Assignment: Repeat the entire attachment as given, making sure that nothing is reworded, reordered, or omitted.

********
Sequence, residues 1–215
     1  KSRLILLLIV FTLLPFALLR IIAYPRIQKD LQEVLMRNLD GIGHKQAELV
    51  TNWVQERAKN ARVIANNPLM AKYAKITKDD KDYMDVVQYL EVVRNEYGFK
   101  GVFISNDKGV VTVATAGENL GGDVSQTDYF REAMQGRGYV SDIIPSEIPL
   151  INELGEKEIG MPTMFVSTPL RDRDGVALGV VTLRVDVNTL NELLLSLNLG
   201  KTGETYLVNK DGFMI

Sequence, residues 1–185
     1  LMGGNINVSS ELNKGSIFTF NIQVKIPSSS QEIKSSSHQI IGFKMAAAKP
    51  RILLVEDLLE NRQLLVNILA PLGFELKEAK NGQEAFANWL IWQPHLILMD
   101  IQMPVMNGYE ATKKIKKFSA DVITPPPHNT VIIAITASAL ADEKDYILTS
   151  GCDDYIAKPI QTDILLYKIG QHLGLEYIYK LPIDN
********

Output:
Sequence, residues 1–215
     1  KSRLILLLIV FTLLPFALLR IIAYPRIQKD LQEVLMRNLD GIGHKQAELV
    51  TNWVQERAKN ARVIANNPLM AKYAKITKDD KDYMDVVQYL EVVRNEYGFK
   101  GVFISNDKGV VTVATAGENL GGDVSQTDYF REAMQGRGYV SDIIPSEIPL
   151  INELGEKEIG MPTMFVSTPL RDRDGVALGV VTLRVDVNTL NELLLSLNLG
   201  KTGETYLVNK DGFMI

Sequence, residues 1–185
     1  LMGGNINVSS ELNKGSIFTF NIQVKIPSSS QEIKSSSHQI IGFKMAAAKP
    51  RILLVEDLLE NRQLLVNILA PLGFELKEAK NGQEAFANWL IWQPHLILMD
   101  IQMPVMNGYE ATKKIKKFSA DVITPPPHNT VIIAITASAL ADEKDYILTS
   151  GCDDYIAKPI QTDILLYKIG QHLGLEYIYK LPIDN